UPDATE: Tablet magazine has a useful “Guide for the perplexed: The Iran nuclear agreement” by Thomas R. Pickering, former under secretary of state in the Clinton administration and ambassador to the United Nations, Russia, Israel, and several other countries. Pickering, in short, “defends the most complex and important treaty this century.” See his link in the article to James Walsh of MIT’s “excellent testimony before the Senate Foreign Relations Committee on June 25, 2015.”

2nd UPDATE: Here are two smart reflections on the Iran deal I’ve come across in the past two days: Paul Pillar, “The sources of opposition to the Iran agreement,” in The National Interest; and James Fallows, “The real test of the Iran deal,” in The Atlantic.

3rd UPDATE: Suzanne Nossel writes in Foreign Policy on “What will happen if Congress blows up the Iran nuclear deal.” And Peter Beinart, writing in The Atlantic, rhetorically asks about “The big hole in the Iran debate,” observing that “[i]n most televised discussions of Iran, the word ‘Iraq’ never comes up, and that’s insane.”

4th UPDATE: Slate’s William Saletan, writing on the Senate testimony of John Kerry and energy secretary Ernest Monitz on the Iran deal, asserts that the GOP is “Not fit to lead.” The lede: “The Iran hearings have shown how the Republican Party can no longer be trusted with the presidency.” Read Saletan’s piece. To call the Republicans appalling is almost an understatement.

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Bibi’s triumph

Zionist Union supporters react to exit poll figures outside party HQ  Tel Aviv, March 17th (photo credit: AFP/Thomas Coex)

Zionist Union supporters react to exit poll figures outside party HQ
Tel Aviv, March 17th (photo credit: AFP/Thomas Coex)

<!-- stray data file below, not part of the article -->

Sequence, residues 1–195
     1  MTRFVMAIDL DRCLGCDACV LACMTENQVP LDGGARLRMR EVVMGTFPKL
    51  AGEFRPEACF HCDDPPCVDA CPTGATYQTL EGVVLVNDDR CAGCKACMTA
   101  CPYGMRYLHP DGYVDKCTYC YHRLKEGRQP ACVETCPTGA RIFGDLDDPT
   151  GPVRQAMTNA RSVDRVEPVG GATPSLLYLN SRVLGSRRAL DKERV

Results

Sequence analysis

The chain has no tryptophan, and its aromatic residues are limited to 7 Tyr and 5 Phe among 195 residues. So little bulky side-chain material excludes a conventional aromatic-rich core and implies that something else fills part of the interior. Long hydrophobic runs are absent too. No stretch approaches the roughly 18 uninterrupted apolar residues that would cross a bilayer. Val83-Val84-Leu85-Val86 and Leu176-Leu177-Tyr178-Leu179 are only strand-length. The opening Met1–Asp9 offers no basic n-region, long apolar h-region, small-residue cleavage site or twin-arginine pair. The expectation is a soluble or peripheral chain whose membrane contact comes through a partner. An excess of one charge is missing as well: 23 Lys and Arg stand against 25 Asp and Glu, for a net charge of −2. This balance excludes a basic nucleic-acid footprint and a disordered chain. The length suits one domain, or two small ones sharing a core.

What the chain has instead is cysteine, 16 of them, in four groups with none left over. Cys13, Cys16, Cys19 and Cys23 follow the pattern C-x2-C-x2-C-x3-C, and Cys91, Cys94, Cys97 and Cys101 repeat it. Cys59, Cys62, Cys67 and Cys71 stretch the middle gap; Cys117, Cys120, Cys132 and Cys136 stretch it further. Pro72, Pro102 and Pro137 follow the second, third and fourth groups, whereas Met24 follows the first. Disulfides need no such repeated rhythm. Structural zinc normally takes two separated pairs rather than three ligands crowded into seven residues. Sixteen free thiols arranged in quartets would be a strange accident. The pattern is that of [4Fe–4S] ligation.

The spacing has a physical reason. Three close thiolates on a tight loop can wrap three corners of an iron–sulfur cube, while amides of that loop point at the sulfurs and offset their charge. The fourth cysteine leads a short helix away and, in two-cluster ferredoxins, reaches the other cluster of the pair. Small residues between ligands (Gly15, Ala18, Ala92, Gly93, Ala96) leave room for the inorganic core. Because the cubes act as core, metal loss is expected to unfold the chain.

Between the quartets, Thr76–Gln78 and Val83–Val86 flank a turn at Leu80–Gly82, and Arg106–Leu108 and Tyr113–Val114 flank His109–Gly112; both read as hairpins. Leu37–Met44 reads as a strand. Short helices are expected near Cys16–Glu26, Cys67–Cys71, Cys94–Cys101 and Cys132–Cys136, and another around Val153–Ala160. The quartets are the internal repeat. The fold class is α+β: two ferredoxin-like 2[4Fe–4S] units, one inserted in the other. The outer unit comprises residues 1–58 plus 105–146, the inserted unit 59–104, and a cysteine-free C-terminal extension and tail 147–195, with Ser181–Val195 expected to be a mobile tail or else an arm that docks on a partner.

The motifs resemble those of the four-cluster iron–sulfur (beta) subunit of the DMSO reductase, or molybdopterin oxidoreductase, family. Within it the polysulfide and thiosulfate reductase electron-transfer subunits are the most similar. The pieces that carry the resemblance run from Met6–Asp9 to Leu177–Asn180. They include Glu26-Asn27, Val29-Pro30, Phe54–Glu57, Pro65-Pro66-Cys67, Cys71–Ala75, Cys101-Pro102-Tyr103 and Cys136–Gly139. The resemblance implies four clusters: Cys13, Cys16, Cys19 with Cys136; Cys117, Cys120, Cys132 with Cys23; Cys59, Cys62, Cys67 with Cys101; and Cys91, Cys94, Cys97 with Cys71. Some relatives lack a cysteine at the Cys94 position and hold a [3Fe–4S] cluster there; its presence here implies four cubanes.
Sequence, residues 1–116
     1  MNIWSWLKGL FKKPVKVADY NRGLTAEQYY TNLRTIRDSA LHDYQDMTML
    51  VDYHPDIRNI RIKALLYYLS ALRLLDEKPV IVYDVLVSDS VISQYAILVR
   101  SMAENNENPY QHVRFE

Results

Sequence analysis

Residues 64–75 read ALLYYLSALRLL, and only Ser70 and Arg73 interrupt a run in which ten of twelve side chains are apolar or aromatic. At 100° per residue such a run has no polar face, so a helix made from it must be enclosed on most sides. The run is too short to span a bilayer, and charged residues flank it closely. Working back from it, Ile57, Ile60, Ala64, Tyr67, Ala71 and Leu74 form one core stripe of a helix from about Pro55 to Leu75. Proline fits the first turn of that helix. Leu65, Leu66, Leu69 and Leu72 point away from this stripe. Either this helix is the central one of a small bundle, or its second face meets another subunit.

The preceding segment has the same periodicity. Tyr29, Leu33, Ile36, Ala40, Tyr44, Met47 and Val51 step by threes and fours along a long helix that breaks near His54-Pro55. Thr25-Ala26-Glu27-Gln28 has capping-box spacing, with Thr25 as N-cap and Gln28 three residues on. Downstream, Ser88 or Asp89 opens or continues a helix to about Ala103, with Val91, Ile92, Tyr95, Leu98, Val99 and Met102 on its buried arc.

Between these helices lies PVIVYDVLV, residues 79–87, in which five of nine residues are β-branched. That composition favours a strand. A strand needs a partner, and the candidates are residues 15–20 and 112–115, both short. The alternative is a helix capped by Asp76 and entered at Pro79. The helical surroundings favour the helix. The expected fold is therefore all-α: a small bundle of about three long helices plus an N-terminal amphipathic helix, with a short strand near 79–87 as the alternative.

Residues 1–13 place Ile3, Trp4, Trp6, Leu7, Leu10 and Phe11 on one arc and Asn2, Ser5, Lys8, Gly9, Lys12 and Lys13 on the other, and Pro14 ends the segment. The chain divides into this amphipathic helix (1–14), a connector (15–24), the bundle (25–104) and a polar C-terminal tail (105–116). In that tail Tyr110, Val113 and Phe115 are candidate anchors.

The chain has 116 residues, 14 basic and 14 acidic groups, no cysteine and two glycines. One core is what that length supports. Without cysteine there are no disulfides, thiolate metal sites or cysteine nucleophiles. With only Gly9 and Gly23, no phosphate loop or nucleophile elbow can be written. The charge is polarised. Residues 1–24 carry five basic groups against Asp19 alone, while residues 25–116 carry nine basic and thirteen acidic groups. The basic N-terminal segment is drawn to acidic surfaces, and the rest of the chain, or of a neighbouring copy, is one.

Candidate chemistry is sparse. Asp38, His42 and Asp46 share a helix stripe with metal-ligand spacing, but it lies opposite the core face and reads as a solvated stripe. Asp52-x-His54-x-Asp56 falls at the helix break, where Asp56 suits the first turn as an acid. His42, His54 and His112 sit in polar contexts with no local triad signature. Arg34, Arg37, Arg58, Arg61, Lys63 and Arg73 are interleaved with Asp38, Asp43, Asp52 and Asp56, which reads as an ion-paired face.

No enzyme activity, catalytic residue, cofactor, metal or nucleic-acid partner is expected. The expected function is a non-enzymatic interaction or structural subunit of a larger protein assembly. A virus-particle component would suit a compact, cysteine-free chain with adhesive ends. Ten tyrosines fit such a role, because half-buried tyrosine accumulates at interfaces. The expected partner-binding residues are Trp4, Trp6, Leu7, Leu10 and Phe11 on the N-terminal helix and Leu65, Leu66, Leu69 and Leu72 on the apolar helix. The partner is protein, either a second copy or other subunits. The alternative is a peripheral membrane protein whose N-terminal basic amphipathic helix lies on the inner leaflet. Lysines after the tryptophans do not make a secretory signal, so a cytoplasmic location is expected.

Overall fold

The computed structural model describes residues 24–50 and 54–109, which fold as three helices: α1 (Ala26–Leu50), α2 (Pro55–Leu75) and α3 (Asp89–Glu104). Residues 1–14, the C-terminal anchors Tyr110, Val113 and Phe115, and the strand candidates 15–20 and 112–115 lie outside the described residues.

[update below]

Bummer, that’s all I can say. Like everyone else (whom I know at least, minus a few) I was crossing my fingers that the branleur would lose. Not that a squishy, unstable, centrist Isaac Herzog-Tzipi Livni-led coalition would be any great shakes. But as Benjamin Netanyahu is, along with Recep Tayyip Erdoğan, the worst leader in the world of a country that can legitimately call itself a democracy (though for how much longer in Turkey?), the alternative was less important than just getting him out of there. Hélas. Bibi, like Erdoğan—and Vladimir Putin—will be in power for however long he wants to be. The Israeli electorate, like the Turkish, is structurally on the right. Bibi (or Erdoğan) won’t be defeated in the next election, or the one after that. Which means that we’ll have to live with the branleur for years to come.

Trying to look at the not dark side of things, Moriel Rothman-Zecher—who identifies himself as an “American-Israeli writer, activist, refusenik and poet”—has a post on his The Leftern Wall: Leftist Politics, Poetry, Prattle and Praxis from Israel-Palestine blog, in which he offers, “before we all sink into despair [after the Israeli elections,]…5 thoughts on hope.” One of these is the achievement of the Arab Joint List, with its 14 seats and status as the third largest group in the Knesset. This is amazing when you think about it. Avigdor Lieberman wanted to eliminate the Arab parties entirely and he got the exact opposite. The Israeli Palestinians—whose turnout numbers dramatically increased—will have a voice in the Knesset such that they’ve never had before. If the next Israeli government tries to reintroduce the nationhood bill—which is unlikely, I would think—the firestorm will be that much greater. And its chances of passage lessened that much more.

Another achievement of the Joint List—quoting from Times of Israel reporter Elhanan Miller—is that while it will be

limited in its ability to affect Israeli policy, [it] has nevertheless managed to heal deep rifts within Israeli Arab society, [Jack] Khoury [a political analyst for Nazareth-based A-Shams radio and Haaretz] opined. “The List has calmed things down for Arabs,” he said. “Significant fissures emerged following the municipal elections [in 2013] … but they didn’t affect this election campaign. [An Islamist candidate] like Masoud Ghanaeim could never deliver a speech at a Christian neighborhood in Nazareth on the eve of elections, nor could [secular socialist candidate] Aida Toma Sliman address women in Islamist communities in the Triangle, were it not for the Joint List.”

Merci, Monsieur Lieberman.